Oil workers in particular face an industry that is international in character. In the North Sea, some 20,000 construction and oil rig workers are facing wage cuts of up to 15 percent and demands for an additional 28 days of offshore work each year with no increase in pay, while the workforce is cut by a fifth. BP, Marathon, Canadian Natural Resources and other firms want to impose the same grueling work schedule on British workers that US workers already face in the Gulf of Mexico. In response, North Sea workers are balloting for strike action next month.

The resistance of oil workers is one sign of an emerging movement of the working class internationally. Thousands of German train drivers have walked out to oppose job cuts, pay reductions and other attacks. In western Australia, where the collapse of the mineral boom has led to tens of thousands of layoffs, coal train drivers are going out on strike. This follows the walkout by Canadian Pacific rail workers that ended after the strike-breaking intervention of the Harper government.

Workers all over the world confront the failure of an entire economic system—capitalism. They also confront the bankruptcy of the trade unions. These organizations are unalterably tied to capitalism and wedded to its nation-state framework. Aligned with their own national capitalist class, they collaborate in the gutting of jobs and living standards in the name of boosting the “competitiveness” of corporations based in their own country.

The president of the USW, Leo Gerard, is a specialist in the vilest forms of American nationalism, denouncing “currency manipulation” by China and “dumping” by Korean steelmakers and calling for protectionist measures to boost “national security” and military preparedness. On the basis of economic nationalism, the USW has collaborated with the steel bosses to destroy the jobs and pensions of hundreds of thousands of workers.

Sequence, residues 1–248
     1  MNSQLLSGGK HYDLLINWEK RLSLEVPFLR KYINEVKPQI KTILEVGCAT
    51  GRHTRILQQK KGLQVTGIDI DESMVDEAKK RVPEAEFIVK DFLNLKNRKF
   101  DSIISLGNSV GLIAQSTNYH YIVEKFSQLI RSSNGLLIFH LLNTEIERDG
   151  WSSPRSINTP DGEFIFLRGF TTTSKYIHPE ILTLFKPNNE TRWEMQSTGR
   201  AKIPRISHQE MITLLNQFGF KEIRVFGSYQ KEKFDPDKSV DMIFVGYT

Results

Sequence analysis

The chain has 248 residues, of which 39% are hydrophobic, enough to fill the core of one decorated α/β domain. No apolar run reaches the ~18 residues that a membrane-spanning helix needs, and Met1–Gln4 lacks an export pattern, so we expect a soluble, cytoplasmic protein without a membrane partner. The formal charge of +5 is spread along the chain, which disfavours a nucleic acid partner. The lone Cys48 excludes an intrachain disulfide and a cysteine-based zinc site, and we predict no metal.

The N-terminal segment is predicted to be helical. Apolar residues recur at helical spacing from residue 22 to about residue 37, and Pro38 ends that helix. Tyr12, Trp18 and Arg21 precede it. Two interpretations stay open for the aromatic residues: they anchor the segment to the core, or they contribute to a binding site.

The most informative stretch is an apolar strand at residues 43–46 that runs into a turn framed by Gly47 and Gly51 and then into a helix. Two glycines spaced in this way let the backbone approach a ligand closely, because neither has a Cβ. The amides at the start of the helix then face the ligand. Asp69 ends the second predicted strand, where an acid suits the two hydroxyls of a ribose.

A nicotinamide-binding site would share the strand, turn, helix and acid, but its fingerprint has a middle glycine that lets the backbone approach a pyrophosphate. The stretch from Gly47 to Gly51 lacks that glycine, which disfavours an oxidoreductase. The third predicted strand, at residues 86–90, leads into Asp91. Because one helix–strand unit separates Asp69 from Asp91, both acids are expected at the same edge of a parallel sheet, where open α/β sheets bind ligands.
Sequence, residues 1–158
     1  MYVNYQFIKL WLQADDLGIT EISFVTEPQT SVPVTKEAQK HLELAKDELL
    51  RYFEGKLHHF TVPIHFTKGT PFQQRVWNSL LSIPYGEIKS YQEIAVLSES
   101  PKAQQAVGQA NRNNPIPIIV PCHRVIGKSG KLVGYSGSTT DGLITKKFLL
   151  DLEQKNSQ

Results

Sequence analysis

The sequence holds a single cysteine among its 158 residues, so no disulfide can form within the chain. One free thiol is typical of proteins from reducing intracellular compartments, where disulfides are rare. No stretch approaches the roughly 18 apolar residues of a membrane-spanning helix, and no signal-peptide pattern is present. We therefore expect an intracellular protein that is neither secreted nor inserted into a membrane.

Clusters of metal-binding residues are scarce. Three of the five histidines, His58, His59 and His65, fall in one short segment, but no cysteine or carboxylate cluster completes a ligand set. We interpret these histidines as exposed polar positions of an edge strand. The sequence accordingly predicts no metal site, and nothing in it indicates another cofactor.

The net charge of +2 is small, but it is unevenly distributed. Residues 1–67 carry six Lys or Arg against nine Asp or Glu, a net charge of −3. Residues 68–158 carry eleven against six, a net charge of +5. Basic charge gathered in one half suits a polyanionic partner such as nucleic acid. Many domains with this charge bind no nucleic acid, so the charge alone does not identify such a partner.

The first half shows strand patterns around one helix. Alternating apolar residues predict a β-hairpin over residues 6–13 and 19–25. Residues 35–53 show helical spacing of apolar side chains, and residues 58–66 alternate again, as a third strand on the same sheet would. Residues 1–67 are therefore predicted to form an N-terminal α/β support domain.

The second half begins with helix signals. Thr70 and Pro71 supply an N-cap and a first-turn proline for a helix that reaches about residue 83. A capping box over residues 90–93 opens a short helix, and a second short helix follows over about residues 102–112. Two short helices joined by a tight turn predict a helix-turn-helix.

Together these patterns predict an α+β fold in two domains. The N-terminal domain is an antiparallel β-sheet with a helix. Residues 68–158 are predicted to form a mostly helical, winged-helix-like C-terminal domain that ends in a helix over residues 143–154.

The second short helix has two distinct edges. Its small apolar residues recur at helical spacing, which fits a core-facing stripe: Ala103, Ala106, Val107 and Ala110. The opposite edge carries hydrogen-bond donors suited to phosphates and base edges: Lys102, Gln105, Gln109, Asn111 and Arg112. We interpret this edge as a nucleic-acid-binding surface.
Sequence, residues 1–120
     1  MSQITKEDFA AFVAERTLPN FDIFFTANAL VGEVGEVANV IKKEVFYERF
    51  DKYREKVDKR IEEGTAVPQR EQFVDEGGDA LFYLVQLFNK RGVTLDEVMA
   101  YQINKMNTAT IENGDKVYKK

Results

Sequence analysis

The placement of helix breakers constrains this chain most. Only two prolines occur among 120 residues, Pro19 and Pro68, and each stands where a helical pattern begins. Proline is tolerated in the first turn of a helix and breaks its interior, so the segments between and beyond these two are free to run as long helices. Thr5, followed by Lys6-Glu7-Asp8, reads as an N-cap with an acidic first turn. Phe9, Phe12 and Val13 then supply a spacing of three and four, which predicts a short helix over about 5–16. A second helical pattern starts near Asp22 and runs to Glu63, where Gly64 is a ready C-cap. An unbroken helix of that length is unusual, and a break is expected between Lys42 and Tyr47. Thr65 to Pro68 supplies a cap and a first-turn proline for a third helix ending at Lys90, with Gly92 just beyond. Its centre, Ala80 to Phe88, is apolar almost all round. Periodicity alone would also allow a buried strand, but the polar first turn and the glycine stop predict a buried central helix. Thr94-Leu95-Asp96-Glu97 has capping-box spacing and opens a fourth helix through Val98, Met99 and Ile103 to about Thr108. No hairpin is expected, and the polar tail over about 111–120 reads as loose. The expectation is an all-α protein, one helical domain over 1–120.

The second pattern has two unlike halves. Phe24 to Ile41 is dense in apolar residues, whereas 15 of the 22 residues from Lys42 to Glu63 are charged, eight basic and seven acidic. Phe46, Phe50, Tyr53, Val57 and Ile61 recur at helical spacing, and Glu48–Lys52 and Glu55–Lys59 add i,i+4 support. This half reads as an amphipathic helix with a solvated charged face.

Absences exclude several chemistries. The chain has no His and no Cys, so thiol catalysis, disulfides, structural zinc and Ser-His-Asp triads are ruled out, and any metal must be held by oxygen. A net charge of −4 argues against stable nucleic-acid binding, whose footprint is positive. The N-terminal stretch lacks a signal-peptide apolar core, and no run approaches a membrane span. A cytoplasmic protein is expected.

These betrayals are not simply the product of personal cowardice or corruption. The failure of the unions in the US and around the world is rooted in their incapacity to provide an international strategy to oppose the capitalist system.

Oil workers in the US and Europe, train drivers in Germany and Australia, and every other section of workers entering into struggle require a perspective and strategy that take into account the broader historical, economic and political processes that underlie the present crisis and the immediate attacks they face.

Only on the basis of an international policy directed against the capitalist system is it possible to effectively oppose transnational corporations that operate on a world scale. Moreover, such an international policy is a prerequisite for uniting the workers within any country and overcoming the ceaseless efforts of the ruling class to sow divisions based on race, religion, language, etc.

Workers in the US and around the world must answer the globally coordinated assault on their jobs and living standards with a strategy to unite the international working class against the capitalist system. This requires the building of new organizations of struggle, independent of the nationalist and pro-capitalist trade unions, to reach out to the broadest sections of the working class nationally and internationally.

A new leadership must be built to unite the working class internationally and imbue its struggles with an independent political strategy to take power and reorganize economic life on the basis of human need, not private profit. This is the perspective of socialist internationalism fought for by the Socialist Equality Party in the US and our sister parties in the International Committee of the Fourth International.